The COVID-19 vaccine developed by AstraZeneca and Oxford University was 79% effective in preventing symptomatic illness in a large trial in Chile, Peru, and the United States.
And was 100% effective against severe or critical disease and hospitalization.
The study included over 32,000 volunteers across all age groups, and the results could help it get emergency authorization from the U.S. Food and Drug Administration.
Oxford Professor Sarah Gilbert explains:
"This means that AstraZeneca can now go through the process of preparing a submission to the FDA using the data from this trial. That will take some time to achieve, possibly a number of weeks and that will then be reviewed by the FDA who will be able to make their decision on whether to license the vaccine for use in the U.S."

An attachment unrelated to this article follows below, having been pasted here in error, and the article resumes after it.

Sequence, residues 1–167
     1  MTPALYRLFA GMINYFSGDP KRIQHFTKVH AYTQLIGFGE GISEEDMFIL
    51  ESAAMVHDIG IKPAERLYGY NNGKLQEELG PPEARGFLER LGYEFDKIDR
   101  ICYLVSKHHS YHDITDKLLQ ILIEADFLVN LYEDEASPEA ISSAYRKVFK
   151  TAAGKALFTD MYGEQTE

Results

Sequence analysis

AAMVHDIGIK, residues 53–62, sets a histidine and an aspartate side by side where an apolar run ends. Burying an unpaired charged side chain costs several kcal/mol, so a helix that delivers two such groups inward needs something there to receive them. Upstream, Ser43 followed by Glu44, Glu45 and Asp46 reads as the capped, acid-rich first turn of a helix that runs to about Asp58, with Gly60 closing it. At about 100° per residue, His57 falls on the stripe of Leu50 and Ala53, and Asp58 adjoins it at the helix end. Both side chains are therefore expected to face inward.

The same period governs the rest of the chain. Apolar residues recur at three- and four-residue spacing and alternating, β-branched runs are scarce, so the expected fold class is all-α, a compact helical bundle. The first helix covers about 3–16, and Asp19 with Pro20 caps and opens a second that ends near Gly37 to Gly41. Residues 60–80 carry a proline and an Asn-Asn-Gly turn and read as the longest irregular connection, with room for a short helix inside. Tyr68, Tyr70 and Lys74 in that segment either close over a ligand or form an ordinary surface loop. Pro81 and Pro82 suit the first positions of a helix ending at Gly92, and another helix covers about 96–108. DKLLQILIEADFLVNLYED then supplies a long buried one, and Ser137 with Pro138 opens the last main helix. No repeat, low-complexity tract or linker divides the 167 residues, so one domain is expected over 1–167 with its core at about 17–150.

The data - which the company released on Monday (March 22) - should boost faith in the British shot after results from earlier, separate studies raised questions about the robustness of the data.
And allay safety concerns after some European countries briefly halted the use of the AstraZeneca vaccine earlier this month following reports it was linked to blood clots.
Many have since resumed vaccinations after a regional regulator said it was safe, but a survey on Monday showed Europeans remained skeptical.
Leaders in Asia have sought to boost public confidence by taking the AstraZeneca shot themselves.
The AstraZeneca shot was among the first and cheapest of the COVID-19 vaccines to be developed and launched on a large scale.
It is set to be the key vaccination programme in much of the developing world.